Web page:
Review Summary: The Swedish death metal supergroup gleefully pay homage to the genre in their murkiest and most consistent release yet.
Bloodbath has waited a lengthy six years to release a new full-length album, struggling to remain active after the second exit of vocalist Mikael Akerfeldt, originally from Opeth. Only this year did the remaining band members finally announce the identity of their new vocalist, having previously titillated fans of who it could be, even referring to him as a “legend.” The reveal of Nick Holmes from pioneering gothic metal band Paradise Lost filling the role sparked rumors among fans that Holmes hadn’t utilized death growls in years, and had possibly lost the ability to perform them. The first single and possibly the strongest track on the album, “Famine of God’s Word,” puts to rest any circulating doubts that Bloodbath couldn’t survive as a group. It maintained the band’s signature catchiness while still delivering on the furious riffs and signature osdm (old school death metal) muddy production that fans have come to expect.
After six years of little activity and increasing hype for what Bloodbath would do next, Grand Morbid Funeral
thankfully lives up to expectations for a catchy and over-the-top death metal release hearkening back to the genre’s golden days. “Let The Stillborn Come to Me” is a midtempo rocker that sounds like it could come straight from 2004’s Nightmares Made Flesh
. The album’s second single, “Church of Vastitas” is a decent, slow burning track that somewhat feels like a missed opportunity due to its repetitiveness and lack of especially interesting ideas within. Thankfully it’s one of the shorter songs and is sandwiched between two of the stronger tracks, “Anne” and “Famine of God’s Word,” both containing relentlessly apocalyptic guitar riffs and atmospheric leads throughout. The rhythm section rarely makes itself known, but provides a solid backdrop as usual.
Perhaps the most surprising element of Grand Morbid Funeral
is a subtle, yet noticeable change in style. Bloodbath always relied on paying homage to old school death metal for comfortably familiar sounding guitar riffing and song structures, and has now relied on these influences even more. While never wholly original, the group always had a way of injecting their own creativity and identity into each release. The only real exception on Grand Morbid Funeral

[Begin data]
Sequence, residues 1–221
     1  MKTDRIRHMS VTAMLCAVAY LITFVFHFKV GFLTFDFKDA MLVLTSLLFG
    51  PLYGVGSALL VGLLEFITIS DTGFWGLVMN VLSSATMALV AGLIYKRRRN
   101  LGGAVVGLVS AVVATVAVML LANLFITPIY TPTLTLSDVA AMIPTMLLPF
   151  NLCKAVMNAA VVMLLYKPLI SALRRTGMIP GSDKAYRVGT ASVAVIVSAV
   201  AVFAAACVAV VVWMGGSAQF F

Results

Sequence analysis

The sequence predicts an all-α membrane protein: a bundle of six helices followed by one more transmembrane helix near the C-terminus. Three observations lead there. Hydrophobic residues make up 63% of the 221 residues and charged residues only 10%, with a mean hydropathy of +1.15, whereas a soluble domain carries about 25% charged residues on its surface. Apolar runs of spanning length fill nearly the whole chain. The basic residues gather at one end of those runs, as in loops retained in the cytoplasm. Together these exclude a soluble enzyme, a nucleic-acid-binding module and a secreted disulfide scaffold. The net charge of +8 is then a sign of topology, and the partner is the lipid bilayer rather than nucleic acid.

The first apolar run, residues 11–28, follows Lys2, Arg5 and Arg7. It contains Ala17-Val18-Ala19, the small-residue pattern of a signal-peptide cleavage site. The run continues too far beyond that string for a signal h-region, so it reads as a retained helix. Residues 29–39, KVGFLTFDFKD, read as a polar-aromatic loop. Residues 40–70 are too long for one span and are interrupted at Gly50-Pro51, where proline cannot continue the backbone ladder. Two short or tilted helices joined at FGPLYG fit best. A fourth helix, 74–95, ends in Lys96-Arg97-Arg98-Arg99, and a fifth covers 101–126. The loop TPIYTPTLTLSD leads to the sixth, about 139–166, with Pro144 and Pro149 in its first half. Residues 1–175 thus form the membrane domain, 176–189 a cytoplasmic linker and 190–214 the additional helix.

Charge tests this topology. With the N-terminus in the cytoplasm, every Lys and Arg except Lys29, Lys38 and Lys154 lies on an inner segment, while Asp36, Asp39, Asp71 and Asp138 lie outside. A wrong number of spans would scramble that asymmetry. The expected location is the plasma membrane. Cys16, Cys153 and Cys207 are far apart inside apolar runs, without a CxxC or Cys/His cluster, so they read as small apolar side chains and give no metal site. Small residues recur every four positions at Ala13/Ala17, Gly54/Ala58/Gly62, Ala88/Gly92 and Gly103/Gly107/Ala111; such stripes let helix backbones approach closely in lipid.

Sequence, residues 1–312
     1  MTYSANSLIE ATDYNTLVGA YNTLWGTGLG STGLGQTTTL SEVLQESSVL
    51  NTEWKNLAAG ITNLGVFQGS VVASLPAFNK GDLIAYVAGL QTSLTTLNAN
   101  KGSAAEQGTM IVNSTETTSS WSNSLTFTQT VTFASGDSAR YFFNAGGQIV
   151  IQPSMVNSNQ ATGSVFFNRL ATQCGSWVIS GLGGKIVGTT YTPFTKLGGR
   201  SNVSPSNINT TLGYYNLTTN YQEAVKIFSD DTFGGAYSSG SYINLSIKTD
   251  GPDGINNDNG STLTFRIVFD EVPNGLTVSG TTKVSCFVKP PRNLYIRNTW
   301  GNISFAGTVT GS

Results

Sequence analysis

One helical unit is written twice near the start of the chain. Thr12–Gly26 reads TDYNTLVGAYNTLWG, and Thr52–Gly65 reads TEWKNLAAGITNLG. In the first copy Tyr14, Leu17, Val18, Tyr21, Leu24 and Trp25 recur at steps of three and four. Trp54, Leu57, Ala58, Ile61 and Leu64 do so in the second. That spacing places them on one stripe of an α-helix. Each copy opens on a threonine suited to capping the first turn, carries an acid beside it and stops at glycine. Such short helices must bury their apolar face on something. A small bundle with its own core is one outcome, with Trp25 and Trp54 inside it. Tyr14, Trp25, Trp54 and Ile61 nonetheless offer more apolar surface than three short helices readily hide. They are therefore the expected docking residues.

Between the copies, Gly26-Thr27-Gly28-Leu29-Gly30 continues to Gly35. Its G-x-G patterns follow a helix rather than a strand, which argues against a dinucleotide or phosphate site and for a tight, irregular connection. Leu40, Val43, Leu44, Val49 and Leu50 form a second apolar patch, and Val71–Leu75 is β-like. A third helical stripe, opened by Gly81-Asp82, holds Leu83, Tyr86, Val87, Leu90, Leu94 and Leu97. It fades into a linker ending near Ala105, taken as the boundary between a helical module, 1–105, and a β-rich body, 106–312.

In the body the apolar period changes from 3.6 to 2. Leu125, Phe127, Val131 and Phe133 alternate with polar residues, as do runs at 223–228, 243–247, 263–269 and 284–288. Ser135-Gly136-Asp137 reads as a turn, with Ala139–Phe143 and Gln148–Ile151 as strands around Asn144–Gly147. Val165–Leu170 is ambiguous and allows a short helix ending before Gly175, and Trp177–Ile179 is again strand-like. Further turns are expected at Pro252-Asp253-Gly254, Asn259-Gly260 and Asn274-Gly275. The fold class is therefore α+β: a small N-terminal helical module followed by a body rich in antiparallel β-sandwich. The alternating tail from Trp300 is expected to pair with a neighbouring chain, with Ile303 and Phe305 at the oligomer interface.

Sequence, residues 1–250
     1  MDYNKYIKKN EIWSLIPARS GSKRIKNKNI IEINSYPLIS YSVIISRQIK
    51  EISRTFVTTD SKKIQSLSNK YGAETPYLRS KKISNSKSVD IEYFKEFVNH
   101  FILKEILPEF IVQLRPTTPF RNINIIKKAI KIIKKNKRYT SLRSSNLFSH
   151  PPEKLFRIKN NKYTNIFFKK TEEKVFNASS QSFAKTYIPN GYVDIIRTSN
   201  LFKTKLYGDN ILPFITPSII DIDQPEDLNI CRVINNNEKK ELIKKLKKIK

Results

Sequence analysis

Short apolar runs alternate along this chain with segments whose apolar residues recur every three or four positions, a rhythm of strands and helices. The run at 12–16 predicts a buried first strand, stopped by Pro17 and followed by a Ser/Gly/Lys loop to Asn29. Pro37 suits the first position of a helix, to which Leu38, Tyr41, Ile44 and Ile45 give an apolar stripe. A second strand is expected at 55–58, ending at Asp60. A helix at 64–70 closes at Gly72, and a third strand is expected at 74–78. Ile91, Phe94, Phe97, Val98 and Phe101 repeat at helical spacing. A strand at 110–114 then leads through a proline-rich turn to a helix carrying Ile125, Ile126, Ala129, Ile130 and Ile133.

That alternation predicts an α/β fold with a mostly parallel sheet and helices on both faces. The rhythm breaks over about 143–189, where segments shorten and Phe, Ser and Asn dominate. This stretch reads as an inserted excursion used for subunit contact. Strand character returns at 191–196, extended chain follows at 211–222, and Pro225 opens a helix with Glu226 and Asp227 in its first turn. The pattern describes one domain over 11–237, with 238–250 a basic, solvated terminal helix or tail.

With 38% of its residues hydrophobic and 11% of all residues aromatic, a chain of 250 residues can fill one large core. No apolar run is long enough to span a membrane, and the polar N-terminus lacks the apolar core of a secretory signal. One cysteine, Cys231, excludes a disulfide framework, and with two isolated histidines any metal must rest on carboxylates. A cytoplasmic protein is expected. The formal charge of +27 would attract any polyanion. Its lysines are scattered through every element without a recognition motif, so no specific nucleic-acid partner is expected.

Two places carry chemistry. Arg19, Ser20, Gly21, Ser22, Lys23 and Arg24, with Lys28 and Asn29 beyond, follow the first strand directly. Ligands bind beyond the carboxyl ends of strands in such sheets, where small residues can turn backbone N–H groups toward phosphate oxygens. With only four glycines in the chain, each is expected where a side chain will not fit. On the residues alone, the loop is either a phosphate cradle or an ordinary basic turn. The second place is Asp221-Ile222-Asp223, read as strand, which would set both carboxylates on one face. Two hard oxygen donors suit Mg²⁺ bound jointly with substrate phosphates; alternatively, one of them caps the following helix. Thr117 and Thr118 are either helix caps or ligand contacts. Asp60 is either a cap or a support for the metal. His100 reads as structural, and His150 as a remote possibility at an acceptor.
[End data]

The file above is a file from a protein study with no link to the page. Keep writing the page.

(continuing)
, “Necropsy,” is the most progressive the album gets. It starts the way you’d expect, until technical guitar riffing takes over while the drums blast away before leading into a slower, more atmospheric outro. Exceptions like this in each release have always made for a more interesting listen, but indulging in the genre’s expansions into more cerebral territory was never their mission. Avoiding a reliance on technicality or innovation, Bloodbath have focused more on staying true to the genre’s identity, creating the most gleefully rotten and filthy music they could while maintaining catchiness and showcasing as much tongue-in-cheek horror imagery as possible. Lyrical themes would, and still do, revolve around demonic possession, zombie plagues, and yes, even mutated sewer monsters.
Grand Morbid Funeral
subtly shifts their image to emphasize the gothic and supernatural. Bloodbath is a band of nostalgia, and now including Paradise Lost in the ensemble of influences ends up working nicely and serves as a welcome change overall. Each member’s original bands are woven into the fabric of Bloodbath’s wide array of influences and characteristics, and Holme’s Paradise Lost fits in comfortably alongside the more exaggerated and over-the-top horror imagery. Bloodbath pull off being bleak and foreboding well enough, but letting loose and having fun has always been what they do best. “Unite In Pain” is a wonderful example of these strengths, beginning with one of the catchiest and most rollicking intros they’ve ever written. Devilish guitar leads follow, and Holmes gives the best vocal performance of the album. At this point any differences noted by his presence have been forgotten, as his guttural vocals buried in the mix have been contributing to the atmosphere just as they should, rounding off the band’s influences for another nostalgic and endlessly enjoyable trip down memory lane of one of the most over-the-top and extreme genres of metal, never letting up on the fun or intensity.